(Exception to the Rule)
Sublime, Peter Tosh, 311
We all know there is an abundance of alternative reggae, rock bands out there today and we are always keeping an eye out for some fresh talent that can shake up this genre. Unfortunately Stone Senses is not one of them. From Carlsbad, California, this six-piece band has shared the stage with some big names, The Wailers and The Dirty Heads for example, so we wanted to see what they were about. For the most part, the music isn’t actually that bad, except for many lead guitar spots. It has the typical soft, happy bouncy rhythm that reggae is known for, nothing original. We weren’t even looking for this to be original, just a nice album to hang out to in the hot summer days. Well, after a few months of listening to their catalog, we decided that we will not be breaking out the album this summer.
Just a brief description is all that is needed to get the across our take of Exception to the Rule. We start things off with "When You Were Wrong," and it’s actually a nice beginning, the music is chill and has potential. When the singing was introduced, we thought, eh, it’s ok, and we pressed on. The vocals are nothing to write home about, they are standard with no range at all. As the song continues, it just goes nowhere, even when it picks up speed, the lead guitar just sounds weak and there is no need for a solo here and it takes you out of that beach, summer vibe. Track two offers nothing more, just hit the skip button. On "Good Day (To Start A Riot)," they try to infuse some 311 rock into the mix and it just doesn’t work while on "Hometown" the song could be good, but they insist on throwing in some more solos that just sound flat. The beginning of "Tuff Guy" is so out of place and the lyrics are just weak, and yes even worse guitar solos, this will be that last time we mention the lead guitars, as you can see that it’s a common theme throughout the album. "Johnny B. Goode" is just unlistenable, we don’t ever want to hear a song with the name Johnny in it ever again. Finally, we get something we are into with "Like I Told You," this song is not bad, they throw in a horn section, it’s a nice touch, if only they could harness this sound. Now on "I’m Calling," they mix it up with some ska music, but it’s weak and the last two tracks, "Your House" and "Open Mind" offer nothing more.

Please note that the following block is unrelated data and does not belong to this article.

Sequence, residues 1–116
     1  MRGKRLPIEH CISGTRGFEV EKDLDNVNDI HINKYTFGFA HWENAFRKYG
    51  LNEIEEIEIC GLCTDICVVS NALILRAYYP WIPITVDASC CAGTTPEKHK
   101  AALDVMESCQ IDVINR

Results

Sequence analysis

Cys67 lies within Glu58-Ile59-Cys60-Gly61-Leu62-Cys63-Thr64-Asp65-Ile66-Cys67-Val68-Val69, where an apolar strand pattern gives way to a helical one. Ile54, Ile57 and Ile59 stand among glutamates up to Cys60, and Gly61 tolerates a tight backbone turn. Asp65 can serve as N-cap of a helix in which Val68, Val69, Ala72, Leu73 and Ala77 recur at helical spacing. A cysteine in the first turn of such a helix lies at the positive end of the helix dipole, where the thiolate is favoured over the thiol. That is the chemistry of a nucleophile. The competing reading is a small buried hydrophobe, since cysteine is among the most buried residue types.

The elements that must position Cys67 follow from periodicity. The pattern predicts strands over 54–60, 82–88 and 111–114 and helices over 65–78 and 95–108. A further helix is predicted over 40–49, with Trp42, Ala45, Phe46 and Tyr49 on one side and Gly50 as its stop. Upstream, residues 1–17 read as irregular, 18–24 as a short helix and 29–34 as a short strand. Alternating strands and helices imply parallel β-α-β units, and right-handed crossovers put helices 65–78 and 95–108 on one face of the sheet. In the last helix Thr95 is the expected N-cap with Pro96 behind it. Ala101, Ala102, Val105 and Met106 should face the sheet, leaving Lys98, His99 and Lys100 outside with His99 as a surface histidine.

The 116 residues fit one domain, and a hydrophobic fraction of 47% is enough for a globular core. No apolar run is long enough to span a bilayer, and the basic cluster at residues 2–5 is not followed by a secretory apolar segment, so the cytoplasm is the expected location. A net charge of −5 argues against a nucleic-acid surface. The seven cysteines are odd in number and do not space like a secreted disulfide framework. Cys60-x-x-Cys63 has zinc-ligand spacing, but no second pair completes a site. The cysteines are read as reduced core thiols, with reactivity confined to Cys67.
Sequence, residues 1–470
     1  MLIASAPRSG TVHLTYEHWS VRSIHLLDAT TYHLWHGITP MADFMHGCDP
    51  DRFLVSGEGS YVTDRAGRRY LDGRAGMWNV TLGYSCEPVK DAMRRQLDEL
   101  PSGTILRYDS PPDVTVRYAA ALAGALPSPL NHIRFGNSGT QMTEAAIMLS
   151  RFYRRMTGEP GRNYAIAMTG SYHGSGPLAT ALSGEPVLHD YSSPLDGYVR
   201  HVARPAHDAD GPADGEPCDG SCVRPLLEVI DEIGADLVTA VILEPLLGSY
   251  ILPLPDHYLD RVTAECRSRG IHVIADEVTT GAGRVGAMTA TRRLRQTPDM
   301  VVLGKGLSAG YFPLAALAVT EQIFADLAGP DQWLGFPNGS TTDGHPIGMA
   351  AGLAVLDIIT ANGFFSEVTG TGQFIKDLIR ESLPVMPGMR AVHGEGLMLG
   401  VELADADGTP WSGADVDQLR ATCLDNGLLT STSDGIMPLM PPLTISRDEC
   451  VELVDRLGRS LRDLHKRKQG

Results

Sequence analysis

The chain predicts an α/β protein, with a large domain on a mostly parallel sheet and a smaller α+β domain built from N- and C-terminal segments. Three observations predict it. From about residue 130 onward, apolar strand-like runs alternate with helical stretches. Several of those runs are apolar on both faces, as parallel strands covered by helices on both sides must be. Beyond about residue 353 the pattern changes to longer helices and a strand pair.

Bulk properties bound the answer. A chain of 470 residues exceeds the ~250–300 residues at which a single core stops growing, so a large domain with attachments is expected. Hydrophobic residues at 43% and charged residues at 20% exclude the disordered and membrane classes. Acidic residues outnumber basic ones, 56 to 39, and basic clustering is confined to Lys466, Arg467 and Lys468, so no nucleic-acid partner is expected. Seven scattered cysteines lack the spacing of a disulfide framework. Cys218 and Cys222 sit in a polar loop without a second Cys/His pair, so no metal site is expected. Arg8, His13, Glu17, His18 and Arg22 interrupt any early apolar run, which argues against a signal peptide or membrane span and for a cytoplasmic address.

Expectations to the Rule doesn’t offer much in terms of variety and is rather bland for a reggae rock album. We feel there is so much more out there to explore, so for the time being we’ll just set this one aside and continue our search for that next obscure break-out reggae album. - 5/6/2014
Standout Tracks: Like I Told You